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Archive for July, 2012

It’s a beautiful rainy winter’s day in Cape Town and I snuggled in behind my computer to visit www.ted.com  to watch a few stories that range from inspiring to jaw-dropping.

And as always I was not disappointed.

In  the current Productivity Mastery Programme ( you can book a seat for the next one here) we recently had a conversation about “life purpose”, values, productivity and the role of happiness (“a mental or emotional state of well-being characterized by positive or pleasant emotions ranging from contentment to intense joy”) in all of this.

I was therefore delighted to view Shawn Achor speak on TED about “The happiness secret to better work”.

He says that we tend to put happiness “on the other side of success” – “AFTER I succeed at doing this thing/becoming partner/losing 10 kg, THEN I will be happy.”

Shawn suggests that we reverse the happiness formula and put happiness before success.  Put happiness before increasing productivity.

He says: “Happiness and life satisfaction has led to improved performance in people who did one of the following things every day for 3 weeks:

  • Jot down three things they were grateful for.
  • Write a positive message to someone in their social support network.
  • Meditate at their desk for two minutes.
  • Exercise for 10 minutes.
  • Take two minutes to describe in a journal the most meaningful experience of the past 24 hours.

Research shows happy employees have higher levels of productivity, perform better in leadership roles and receive higher pay. Happiness could be your single most important competitive advantage.

In the Harvard Business Review (January-February 2012) it is reported that for companies, happy employees mean better bottom-line results.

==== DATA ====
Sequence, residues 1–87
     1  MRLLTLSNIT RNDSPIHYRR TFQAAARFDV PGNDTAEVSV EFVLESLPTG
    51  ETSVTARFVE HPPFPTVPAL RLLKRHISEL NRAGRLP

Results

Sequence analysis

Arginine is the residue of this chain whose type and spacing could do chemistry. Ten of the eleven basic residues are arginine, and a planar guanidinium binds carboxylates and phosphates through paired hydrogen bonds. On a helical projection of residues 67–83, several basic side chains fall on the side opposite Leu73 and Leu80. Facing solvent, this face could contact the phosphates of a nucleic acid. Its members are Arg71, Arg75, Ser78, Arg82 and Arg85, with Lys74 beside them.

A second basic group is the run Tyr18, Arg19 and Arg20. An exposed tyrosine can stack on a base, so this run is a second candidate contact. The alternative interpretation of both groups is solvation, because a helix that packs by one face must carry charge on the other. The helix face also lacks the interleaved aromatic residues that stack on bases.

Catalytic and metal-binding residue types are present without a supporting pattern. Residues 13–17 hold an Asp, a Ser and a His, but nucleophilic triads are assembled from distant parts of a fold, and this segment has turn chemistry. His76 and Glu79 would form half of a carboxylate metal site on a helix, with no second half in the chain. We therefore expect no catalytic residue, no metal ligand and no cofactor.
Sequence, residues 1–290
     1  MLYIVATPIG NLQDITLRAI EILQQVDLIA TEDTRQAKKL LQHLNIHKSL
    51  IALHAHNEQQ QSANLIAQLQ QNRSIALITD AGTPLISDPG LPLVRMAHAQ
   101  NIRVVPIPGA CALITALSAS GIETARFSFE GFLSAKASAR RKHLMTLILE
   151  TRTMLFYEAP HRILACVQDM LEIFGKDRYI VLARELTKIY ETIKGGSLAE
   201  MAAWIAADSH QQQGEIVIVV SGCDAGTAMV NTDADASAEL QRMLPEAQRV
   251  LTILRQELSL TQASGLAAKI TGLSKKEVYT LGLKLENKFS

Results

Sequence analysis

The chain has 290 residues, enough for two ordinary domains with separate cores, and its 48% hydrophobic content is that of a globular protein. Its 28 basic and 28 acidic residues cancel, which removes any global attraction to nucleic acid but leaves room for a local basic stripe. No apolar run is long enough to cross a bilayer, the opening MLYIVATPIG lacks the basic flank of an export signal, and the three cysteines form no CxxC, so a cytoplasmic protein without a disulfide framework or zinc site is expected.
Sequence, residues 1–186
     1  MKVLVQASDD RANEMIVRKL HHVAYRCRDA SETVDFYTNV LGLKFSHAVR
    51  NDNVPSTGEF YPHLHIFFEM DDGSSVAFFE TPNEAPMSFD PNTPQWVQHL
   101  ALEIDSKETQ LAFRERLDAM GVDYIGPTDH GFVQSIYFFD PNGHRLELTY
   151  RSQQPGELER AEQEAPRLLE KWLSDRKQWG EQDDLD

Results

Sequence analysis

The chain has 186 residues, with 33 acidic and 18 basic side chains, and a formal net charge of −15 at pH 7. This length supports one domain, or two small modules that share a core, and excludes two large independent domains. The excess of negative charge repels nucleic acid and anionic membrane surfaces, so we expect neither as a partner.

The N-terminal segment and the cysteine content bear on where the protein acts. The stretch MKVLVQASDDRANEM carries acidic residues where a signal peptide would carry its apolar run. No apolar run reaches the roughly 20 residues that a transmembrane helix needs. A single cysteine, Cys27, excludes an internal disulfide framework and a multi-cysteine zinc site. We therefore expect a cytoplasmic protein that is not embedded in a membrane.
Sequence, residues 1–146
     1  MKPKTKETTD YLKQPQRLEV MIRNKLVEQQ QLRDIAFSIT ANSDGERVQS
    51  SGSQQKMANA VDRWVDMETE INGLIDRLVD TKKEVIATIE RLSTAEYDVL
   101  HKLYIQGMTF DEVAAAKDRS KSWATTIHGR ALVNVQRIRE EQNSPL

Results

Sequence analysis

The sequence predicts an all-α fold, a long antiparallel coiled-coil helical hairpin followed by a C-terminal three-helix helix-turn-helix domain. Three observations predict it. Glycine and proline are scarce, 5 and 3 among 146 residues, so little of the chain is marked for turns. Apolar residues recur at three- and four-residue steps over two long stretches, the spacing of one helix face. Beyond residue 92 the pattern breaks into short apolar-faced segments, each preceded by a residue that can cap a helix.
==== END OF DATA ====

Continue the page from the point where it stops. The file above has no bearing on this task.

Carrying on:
Employees who score low in “life satisfaction,” a rigorously tested and widely accepted metric, stay home an average of 1.25 more days a month, a 2008 study by Gallup Healthways shows. That translates into a decrease in productivity of 15 days a year.

In a study of service departments, Jennifer George and Kenneth Bettenhausen found that employees who score high in life satisfaction are significantly more likely to receive high ratings from customers. In addition, researchers at Gallup found that retail stores that scored higher on employee life satisfaction generated $21 more in earnings per square foot of space than the other stores, adding $32 million in additional profits for the whole chain.

More than anyone else, Aristotle enshrines happiness as a central purpose of human life. To quote him: “Happiness is the meaning and the purpose of life, the whole aim and end of human existence.”

According the author of this web site and also this Wikipedia article, Aristotle spoke about achieving “eudaimonia”, which is commonly translated as happiness or welfare; however, “human flourishing” has been proposed as a more accurate translation.

Carol Ryff highlighted the distinction between eudaimonia wellbeing, which she identified as psychological wellbeing, and hedonic wellbeing or pleasure. Building on Aristotelian ideals of belonging and benefiting others, flourishing, thriving and exercising excellence, she conceptualised eudaimonia as a six-factor structure :

  1. Autonomy
  2. Personal growth
  3. Self-acceptance
  4. Purpose in life
  5. Environmental mastery
  6. Positive relations with others.

To quote Aristotle again: “Happiness depends upon ourselves.”

We can choose to follow the guidance of people like Shawn and Executive Happiness Coach Jim Smith and think about where we are regarding the six points listed above and then take action if action is required.

Or of course we can choose to stay like we are for the rest of our lives.

It begins with what and how we choose to BE, which will drive what we DO, which will give us what we HAVE.  We are human Beings – not human Havings or human Doings.  Yet we tend to focus so much on the things we do and the things we have.

A quote by Erich Fromm also helps to put this in perspective:  “If I am what I have and if I lose what I have who then am I?”

The essence of all the things I saw and read today boils down (for me anyway) to accepting responsibility for our lives and live in such a way that will allow us to enjoy maximum life satisfaction.

We will be happier and more productive people and build happier and more productive organisations.

To your happiness and productivity!

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